Without Any Master

Andrew Sullivan —  Sep 30 2012 @ 5:38pm

Alyssa argues that The Master isn't about the Super Adventure Club, but faith more broadly (spoilers below):

“If you find a way to live without a master, without any master, let us know,” Dodd tells Freddie as his acolyte tries to decide to vanish into the Cause forever or be cast out. “You’d be the first person in the history of the world.” It’s not a subtle line, but it is, intriguingly, contradicted by what follows. Freddie goes out into the world, into a bar, where he asks a young woman not if she wants to fuck, but if she’ll have a drink with him. They end up in bed, and as pillow talk, Freddie turns to the questions Dodd asked him in their first processing session so long ago. It’s an odd moment, but surprisingly, sweetly, his ploy, the only resource Freddie has, works.

I don’t know that I trust that in five years, Freddie won’t be dead of drink, by violence, or his own hand. But in this moment, the Cause has given Freddie what he needs to fulfill Dodd’s promise that “What we will do now will urge you towards existence in a group, society, a family.” Dodd has it wrong: the true test of a faith is whether it can live and thrive in the soil of human experience, beyond the watchful eye of prophet or martyr or Master. But Freddie also proves him right. For this one terribly damaged man, the Cause has given him, if only for an afternoon, the thing he needs to live.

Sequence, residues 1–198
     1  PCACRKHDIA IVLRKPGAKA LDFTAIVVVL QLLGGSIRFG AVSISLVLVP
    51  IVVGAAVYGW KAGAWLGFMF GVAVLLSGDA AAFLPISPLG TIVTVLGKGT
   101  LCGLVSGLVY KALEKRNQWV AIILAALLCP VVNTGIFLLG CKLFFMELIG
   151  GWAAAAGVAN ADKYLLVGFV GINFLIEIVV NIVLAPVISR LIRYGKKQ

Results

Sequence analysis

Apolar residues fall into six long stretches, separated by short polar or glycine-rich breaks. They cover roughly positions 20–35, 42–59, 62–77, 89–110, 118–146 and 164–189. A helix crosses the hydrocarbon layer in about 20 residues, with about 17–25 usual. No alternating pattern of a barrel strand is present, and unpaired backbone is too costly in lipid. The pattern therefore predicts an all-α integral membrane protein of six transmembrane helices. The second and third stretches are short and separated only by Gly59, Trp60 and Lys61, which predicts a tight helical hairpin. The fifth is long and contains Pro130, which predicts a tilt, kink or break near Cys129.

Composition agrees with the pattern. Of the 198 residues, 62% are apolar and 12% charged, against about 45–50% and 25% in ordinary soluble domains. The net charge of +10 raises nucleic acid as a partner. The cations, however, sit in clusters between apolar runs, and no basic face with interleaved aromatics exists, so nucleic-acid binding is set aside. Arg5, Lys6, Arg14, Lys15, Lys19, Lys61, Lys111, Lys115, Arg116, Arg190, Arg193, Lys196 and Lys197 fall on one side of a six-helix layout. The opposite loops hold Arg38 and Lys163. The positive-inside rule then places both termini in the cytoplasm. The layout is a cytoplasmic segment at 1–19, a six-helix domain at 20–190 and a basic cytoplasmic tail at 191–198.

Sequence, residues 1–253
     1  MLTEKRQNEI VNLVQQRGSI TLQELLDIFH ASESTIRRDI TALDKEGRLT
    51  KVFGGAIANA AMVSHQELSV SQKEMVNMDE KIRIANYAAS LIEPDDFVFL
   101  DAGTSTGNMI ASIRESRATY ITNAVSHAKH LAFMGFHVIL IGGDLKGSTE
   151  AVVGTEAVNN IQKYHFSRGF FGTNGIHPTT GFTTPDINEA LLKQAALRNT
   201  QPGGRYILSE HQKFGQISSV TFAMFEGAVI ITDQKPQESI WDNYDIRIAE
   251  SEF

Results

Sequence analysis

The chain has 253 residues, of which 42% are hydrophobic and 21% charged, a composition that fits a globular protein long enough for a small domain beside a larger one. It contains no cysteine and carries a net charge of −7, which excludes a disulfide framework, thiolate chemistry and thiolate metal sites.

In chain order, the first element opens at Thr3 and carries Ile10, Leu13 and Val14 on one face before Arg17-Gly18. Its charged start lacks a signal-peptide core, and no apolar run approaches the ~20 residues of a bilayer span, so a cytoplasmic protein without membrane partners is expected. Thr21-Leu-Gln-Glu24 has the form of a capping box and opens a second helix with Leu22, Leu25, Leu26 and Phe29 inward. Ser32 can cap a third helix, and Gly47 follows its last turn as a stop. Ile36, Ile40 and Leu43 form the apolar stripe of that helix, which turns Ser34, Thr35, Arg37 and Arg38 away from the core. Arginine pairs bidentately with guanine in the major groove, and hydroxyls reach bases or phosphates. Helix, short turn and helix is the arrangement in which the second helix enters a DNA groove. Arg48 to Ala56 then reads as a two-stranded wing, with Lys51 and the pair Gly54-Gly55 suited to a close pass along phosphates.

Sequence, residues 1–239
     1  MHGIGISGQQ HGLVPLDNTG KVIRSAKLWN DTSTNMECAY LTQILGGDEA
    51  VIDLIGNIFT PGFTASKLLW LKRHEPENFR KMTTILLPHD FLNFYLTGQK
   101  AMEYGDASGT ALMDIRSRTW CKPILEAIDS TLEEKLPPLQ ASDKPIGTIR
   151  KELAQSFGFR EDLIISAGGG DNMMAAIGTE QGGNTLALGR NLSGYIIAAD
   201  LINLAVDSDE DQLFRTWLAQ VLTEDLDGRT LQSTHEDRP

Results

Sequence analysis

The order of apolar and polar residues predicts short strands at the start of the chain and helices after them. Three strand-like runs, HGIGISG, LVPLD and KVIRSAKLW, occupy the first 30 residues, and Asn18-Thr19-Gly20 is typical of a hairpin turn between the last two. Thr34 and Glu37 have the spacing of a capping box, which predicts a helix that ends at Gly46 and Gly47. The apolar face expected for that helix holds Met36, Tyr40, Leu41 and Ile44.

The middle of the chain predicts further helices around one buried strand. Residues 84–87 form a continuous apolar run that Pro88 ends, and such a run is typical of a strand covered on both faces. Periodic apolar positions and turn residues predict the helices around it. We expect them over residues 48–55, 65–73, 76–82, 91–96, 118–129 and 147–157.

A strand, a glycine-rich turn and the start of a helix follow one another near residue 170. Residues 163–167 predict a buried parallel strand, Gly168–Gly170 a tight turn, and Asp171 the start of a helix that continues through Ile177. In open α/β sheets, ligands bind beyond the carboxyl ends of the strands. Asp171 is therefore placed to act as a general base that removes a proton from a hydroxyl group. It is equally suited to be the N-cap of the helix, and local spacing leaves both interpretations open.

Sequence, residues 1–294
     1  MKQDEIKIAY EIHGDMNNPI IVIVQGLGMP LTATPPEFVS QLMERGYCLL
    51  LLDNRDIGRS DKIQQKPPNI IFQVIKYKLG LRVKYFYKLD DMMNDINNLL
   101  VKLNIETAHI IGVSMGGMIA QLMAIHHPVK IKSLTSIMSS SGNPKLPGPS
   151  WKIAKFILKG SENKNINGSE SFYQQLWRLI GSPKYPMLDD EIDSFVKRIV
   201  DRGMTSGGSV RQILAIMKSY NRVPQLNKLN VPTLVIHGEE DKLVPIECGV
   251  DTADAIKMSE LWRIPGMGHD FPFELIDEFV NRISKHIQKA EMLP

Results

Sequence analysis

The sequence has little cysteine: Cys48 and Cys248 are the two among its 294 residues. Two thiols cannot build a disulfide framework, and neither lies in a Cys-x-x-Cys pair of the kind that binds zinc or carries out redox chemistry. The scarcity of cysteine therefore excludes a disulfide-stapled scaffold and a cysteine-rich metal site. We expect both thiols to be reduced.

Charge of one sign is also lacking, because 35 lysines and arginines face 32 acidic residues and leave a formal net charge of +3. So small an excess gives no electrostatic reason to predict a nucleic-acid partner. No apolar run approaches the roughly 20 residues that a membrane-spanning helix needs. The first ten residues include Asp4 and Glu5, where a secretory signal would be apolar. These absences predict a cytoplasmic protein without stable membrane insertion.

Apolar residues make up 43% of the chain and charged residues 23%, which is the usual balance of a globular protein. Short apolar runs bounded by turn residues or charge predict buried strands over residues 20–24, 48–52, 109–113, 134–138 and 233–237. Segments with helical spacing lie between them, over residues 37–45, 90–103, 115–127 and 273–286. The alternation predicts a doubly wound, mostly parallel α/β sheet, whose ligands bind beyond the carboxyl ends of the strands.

Scott MacDonald nods:

Unlike the preacher Eli in "There Will Be Blood," Dodd believes his own bunk (or seems to anyway), and if [director PT] Anderson doesn't respect the belief, he respects the urge to believe. The few times we hear open skepticism of The Cause, the naysayers are depicted the way Dodd might see them: puny, ineffective, smug. They may be right to doubt Dodd, Anderson seems to be saying, but they're wrong to settle for mundane non-belief.

To Anderson, Dodd and Freddie are essentially heroic in their yearning for transcendence, and he sees something noble, even beautiful, in their attempts to find it in one another. Indeed, the highlight of the film is a lengthy scene shot in extreme close-up in which Dodd subjects Freddie to the ritual of "processing," a sort of encounter-therapy technique meant to break down one's ego. Though initially resistant to the hugely intimate nature of Dodd's questions, Freddie pushes through, slapping himself for every lie or half-truth until he's fully, fearlessly exposed. We may question Dodd's techniques, but there's no question they've enabled Freddie to achieve some degree of transcendence here. (Phoenix's raw, open-wound performance is, in moments like this, transcendent in its own right.) And while the emphasis is on Freddie's breakthrough, it's a breakthrough for Dodd as well – if his techniques can redeem this irredeemable man, there can be no doubt of their validity.

Bilge Ebiri offers five other readings of the film. Richard Brody's review is also worth checking out. Previous Dish on The Master here and here.